March 6, 2017
By KEITH RYAN CARTWRIGHT
Rutherford County Schools
It all started with a road trip.
Four librarians from Rutherford County Schools – Liz Hicks, Erin Alvarado, Barbara Collie and Marcie Leeman – planned a girl’s weekend in Charleston, South Carolina, where they attended a young adult book festival.
One trip in October 2013 led to another a year later, in 2014, and in March 2016 they hosted their own SE-YA Book Festival in Murfreesboro.
This year’s festival will take place March 10-11.
SE-YA Book Fest features 40 bestselling young adult authors. In just two-years-time it has grown from 40 middle and high schools from the Midstate area to 79 of them participating on March 10, which is dedicated to participating schools.
March 11 is free and open to the general public of all ages from 9 a.m. to 4 p.m. For more details, log onto www.seyabookfest.com.
Last year, Friday’s schedule drew 1,100 students compared to the more than 2,000 students who are expected to attend this year. In addition, this year every middle and high school in Rutherford County is participating and each of those schools will host one to three authors on Thursday morning for a pre-event school visit.
Coordinated by each of the school librarians, authors will speak to a general assembly before breaking into small sessions with book clubs and writing classes at each of the schools.
“To me, this book festival is a dream come true,” Hicks said. “This is our Super Bowl. It’s the culminating event of everything we do.”
Hicks was behind the idea of the first road trip.
After a previous trip to a conference fell through, Hicks began looking into another potential book festival when she discovered YALL Fest.
First she convinced Collie, who works with Hicks in the library at Stewarts Creek High School, to make the eight-hour drive with her. Alvarado, a librarian at Central Magnet, wanted to go along and Leeman also joined.
Leeman is a librarian at Rockvale Middle. She recently stepped away from the SE-YA board to focus on her young family but was a key organizer for this year’s school visits.
Leeman was replaced on the board by Sonya Cox, who is an academic coach with Murfreesboro City Schools.
While the four librarians – Hicks, Alvarado, Collie and Leeman – had all been to a conference for the Tennessee Association of School Librarians, none of them had been to a young adult book festival prior to 2013.
Alvarado and Collie said they had no idea what to expect.
They discovered a culture they didn’t even know existed.
On the way home, all four casually talked about how neat it would be to have one closer to Tennessee. Perhaps even in Murfreesboro.
“We had a great time and we noticed how many people were there,” said Alvarado, who remembers parents had brought their children from as far away as Los Angeles and New York. “We were so struck by these people traveling to meet these authors like they’re movie stars and rock stars.
“We thought it was the neatest thing—the buzz, the excitement.”
Friends in and out of the school libraries, the idea of a young adult book festival dominated all their conversations.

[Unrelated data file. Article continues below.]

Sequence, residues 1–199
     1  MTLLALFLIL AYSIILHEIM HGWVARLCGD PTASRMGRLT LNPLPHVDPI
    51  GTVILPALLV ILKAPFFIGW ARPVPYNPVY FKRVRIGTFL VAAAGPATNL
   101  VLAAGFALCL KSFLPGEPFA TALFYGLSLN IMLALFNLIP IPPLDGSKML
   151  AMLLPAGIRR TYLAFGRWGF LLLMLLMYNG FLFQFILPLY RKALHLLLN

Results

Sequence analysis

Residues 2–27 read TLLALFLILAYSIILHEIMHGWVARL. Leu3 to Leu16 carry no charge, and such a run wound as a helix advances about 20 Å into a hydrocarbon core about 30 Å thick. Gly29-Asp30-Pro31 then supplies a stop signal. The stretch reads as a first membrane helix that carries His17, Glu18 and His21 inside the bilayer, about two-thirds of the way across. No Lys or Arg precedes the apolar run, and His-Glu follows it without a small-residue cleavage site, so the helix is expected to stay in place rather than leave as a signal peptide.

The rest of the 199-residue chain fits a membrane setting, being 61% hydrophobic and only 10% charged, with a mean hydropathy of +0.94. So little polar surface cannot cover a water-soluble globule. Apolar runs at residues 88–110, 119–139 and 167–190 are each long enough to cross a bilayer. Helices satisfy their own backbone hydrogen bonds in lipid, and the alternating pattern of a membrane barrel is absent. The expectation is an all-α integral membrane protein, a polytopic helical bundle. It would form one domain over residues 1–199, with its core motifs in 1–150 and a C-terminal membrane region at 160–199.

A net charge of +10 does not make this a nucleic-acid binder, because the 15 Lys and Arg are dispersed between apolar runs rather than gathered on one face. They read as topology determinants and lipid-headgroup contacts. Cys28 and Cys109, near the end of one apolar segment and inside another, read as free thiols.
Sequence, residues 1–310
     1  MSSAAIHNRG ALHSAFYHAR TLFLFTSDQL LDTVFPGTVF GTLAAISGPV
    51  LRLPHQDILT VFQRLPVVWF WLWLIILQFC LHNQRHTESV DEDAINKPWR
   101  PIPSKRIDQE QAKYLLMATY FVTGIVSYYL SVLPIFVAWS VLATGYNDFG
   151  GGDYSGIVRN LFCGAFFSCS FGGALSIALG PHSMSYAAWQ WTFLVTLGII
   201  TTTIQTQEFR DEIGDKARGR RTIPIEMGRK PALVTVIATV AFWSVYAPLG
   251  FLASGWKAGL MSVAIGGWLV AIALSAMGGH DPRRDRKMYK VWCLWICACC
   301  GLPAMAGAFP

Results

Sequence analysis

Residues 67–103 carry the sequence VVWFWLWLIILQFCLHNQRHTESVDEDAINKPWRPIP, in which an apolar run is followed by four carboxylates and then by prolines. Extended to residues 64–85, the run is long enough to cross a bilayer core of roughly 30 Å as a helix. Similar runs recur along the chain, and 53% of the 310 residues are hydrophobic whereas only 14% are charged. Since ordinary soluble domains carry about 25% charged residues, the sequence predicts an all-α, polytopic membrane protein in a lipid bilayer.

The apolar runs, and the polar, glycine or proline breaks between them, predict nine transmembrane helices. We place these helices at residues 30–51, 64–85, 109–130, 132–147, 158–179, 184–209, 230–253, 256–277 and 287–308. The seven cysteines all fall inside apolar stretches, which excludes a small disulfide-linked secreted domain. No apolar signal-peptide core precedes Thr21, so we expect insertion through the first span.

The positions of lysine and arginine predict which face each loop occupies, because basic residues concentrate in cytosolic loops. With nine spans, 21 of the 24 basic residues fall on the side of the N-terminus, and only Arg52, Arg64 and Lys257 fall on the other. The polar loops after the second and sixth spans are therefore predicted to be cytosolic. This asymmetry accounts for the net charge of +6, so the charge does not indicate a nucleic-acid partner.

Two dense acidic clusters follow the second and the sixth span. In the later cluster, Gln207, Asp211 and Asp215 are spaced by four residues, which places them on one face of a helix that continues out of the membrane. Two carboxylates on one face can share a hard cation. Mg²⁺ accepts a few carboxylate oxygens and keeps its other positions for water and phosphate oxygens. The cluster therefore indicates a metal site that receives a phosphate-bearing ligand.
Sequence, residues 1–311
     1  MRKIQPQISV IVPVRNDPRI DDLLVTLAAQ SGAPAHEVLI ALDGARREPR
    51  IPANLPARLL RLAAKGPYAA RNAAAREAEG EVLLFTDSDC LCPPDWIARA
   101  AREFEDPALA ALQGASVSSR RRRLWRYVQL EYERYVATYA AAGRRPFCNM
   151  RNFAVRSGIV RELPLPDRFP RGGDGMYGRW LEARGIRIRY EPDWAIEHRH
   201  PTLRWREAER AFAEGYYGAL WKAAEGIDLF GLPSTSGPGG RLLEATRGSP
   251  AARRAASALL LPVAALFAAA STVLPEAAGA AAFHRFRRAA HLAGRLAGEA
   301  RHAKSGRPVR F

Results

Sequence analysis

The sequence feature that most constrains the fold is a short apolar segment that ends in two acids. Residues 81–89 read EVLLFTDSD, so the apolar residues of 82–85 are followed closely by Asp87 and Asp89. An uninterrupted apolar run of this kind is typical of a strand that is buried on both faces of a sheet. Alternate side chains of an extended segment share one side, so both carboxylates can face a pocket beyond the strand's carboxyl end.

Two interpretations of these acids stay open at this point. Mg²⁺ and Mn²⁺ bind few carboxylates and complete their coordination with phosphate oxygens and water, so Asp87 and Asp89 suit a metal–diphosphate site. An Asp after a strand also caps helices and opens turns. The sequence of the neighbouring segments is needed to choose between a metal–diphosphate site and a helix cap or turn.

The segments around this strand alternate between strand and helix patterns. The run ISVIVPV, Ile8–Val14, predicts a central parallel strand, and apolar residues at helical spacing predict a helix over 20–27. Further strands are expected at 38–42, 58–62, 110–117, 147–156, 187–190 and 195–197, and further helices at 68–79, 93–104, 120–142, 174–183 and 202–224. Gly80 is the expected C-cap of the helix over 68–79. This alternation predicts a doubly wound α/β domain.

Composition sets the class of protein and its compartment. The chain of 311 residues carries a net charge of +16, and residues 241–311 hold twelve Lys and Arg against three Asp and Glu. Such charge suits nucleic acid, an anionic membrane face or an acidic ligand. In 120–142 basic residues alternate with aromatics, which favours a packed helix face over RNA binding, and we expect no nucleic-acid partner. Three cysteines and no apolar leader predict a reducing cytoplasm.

“Basically it was, ‘if we want one here,’” Collie recalled, “‘why not? Who better to do it than us?’”
Hicks befriended two Nashville-based young adult authors, Courtney Stevens and Sharon Cameron.
Stevens and Cameron had coincidentally been thinking the same thing.
The six women quickly became more than friends. They were partners.
Stevens and Cameron used their stature as bestselling authors to convince other young adult writers – Ruta Sepetys and David Arnold among them – to commit to attending the first year of SE-YA Book Fest, and the four librarians set about doing the leg work of producing the two-day event.
They made a second road trip in October 2014 back to Charleston.
“We went with a new vision,” Collie said. “We looked at YALL Fest through a different lens.”
The trip home in 2014 was vastly different than it was a year earlier.
In a matter of eight hours, they came up with a name, logo, mission statement, an outline for what their festival would look like, local organizations to partner with and an action plan that included how to apply for a 501c3.
“We did all of that in that eight-hour car ride home,” Collie said.
“On our ride home, we put our entire plan together,” Hicks added. “We’re librarians. We used our resources.”
Collie then said, “We were like this could really fill a need in our community.”
As all four of them – and others within the school district – have noted, there are literacy programs at the elementary level but not at the middle school level, and according to Alvarado, that’s the age “when that love for reading just goes away.”
Pre-teens begin to develop other interests.
And Alvarado said it’s actually possible that some students may not step foot in the library in middle school and are not even thinking about it in high school. Alvarado said it’s “not anecdotal” to RCS, but rather an “alarming national trend.”
They hoped SE-YA would make an impact.
Arnold, who is returning again this year, said SE-YA was so well organized it seemed like anything but a first-year festival.
This past fall the Tennessee Association of School Librarians presented them with the organization’s President’s Award for their effort in putting together the SE-YA Book Fest.
“Every student is interested in stories somehow,” said Alvarado, who in addition to books listed games, videos, television and movies as other examples of storytelling, while Collie added the young adult genre has been popularized by movie adaptations “because it has such a universal appeal.”
PHOTO CREDIT / KEITH RYAN CARTWRIGHT
SE-YA Book Fest organizers (from L to R) Erin Alvarado, Liz Hicks, Barbara Collie and Marcie Leeman talk about this year's festival at a volunteer workshop held this past weekend at Blackman Middle School.